While waiting for Henri to return, Cassie watches patients die, believing this virus has to be the one Cole warned her would come. She pleads with Jules to lock down the area. She’s shaken to her core, but Jules meets her concerned demands with incredulity, thinking she’s insane. He’s later proven right in holding off, with the disease revealed as a rare strain of river fever. Though the audience knows Cassie’s concerns are warranted, it’s difficult to blame Jules for not trusting a coworker shouting about the world’s end.
Jules shows concern for how Cassie handled herself, but that doesn’t stop him from offering her a spot back at the CDC in 2015. They need help, and Cassie sees it as an opportunity to search for the big burn. Haiti may have been a torturous experience for her, unable to save river fever victims or Henri, but Cassie won’t allow her past to prevent Cole and her from saving lives in the future.
– Outside of “Complex’s” main arc, some nice groundwork was laid for 2043 to become more significant on the show. Ramse goes out to investigate the possibility of nearby scavengers with a soldier, Whitley (Demore Barnes), who, frankly, hates Ramse. He would just as quickly throw Ramse and Cole back out into the world if given the chance.
Whitley may one day have his wish, as an old friend of Ramse’s, Max (Romina D’Ugo), attacks him and Whitley. Ramse knocks Whitley out so he and Max can talk in private. She explains that she’s left the West 7, their former scavenger group, but Ramse can tell she’s lying.
Max asks for shelter, protection from their old leader Deacon (Todd Stashwick, another great supporting actor who appears for a single shot at the end of the episode). Ramse turns her away and possibly seals his fate. Max returns to Deacon, whose group has grown from the days of Cole and Ramse, promising her leader she can bring him to a bounty of supplies and protection. It’s a small tease, but an exciting one, which will hopefully bring some much-needed conflict to 2043.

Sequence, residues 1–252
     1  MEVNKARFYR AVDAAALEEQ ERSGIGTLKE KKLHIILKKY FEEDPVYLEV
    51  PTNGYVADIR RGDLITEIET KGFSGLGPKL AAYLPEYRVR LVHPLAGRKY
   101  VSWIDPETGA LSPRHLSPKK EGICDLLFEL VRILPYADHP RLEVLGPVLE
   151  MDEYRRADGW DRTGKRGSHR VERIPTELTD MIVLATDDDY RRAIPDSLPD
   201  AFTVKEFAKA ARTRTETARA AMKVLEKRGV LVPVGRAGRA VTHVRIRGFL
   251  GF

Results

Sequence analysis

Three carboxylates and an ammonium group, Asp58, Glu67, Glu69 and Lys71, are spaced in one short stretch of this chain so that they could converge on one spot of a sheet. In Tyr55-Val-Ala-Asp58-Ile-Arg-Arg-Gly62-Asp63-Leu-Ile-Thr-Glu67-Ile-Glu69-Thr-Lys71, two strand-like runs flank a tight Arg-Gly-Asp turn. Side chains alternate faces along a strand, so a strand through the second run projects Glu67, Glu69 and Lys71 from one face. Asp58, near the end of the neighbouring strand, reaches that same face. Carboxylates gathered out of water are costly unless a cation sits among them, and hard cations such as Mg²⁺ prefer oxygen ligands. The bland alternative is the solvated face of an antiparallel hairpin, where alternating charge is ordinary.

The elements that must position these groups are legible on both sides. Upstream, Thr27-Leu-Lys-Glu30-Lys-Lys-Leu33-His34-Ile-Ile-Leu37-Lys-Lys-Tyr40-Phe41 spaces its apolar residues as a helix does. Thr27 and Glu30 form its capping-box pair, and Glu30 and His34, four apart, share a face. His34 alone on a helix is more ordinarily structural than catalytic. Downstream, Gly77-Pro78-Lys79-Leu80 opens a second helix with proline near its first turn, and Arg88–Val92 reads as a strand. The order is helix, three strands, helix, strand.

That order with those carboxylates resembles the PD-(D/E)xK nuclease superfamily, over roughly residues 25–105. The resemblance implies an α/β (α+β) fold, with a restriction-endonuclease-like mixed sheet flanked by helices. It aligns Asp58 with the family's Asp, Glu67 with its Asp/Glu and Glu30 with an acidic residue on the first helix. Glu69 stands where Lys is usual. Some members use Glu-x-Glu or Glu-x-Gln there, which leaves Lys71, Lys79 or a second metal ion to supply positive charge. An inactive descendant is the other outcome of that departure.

– The show again demonstrated that it can be funny even when the characters aren’t. Before sending Cole to 2014, the 2043 scientists engage in a prolonged argument about the perils of where and when to send him. It’s a nice meta-commentary on how ridiculous time travel can be—and how easily the idea can unravel the more you consider it.
– But the show is still working out the kinks of letting its characters actually be funny. Cole and Ramse work well—they joke about Whitley being the type of guy who is into water sports, and not the athletic kind. But the joking between Cole and Cassie about Chinese food takeout feels forced.
– While “Divergent” introduced some Fringe vibes to the show, “Complex” brought with it some Lost allusions. Cole sported a nosebleed after every temporal interference (a common sci-fi trope, but one that Lost used in a similar situation). Cole also tells Henri at one point that “You’ll never make it off this island,” which screams of the trials and tribulations of Jack, Sawyer, and Kate, at least to this Lost fan.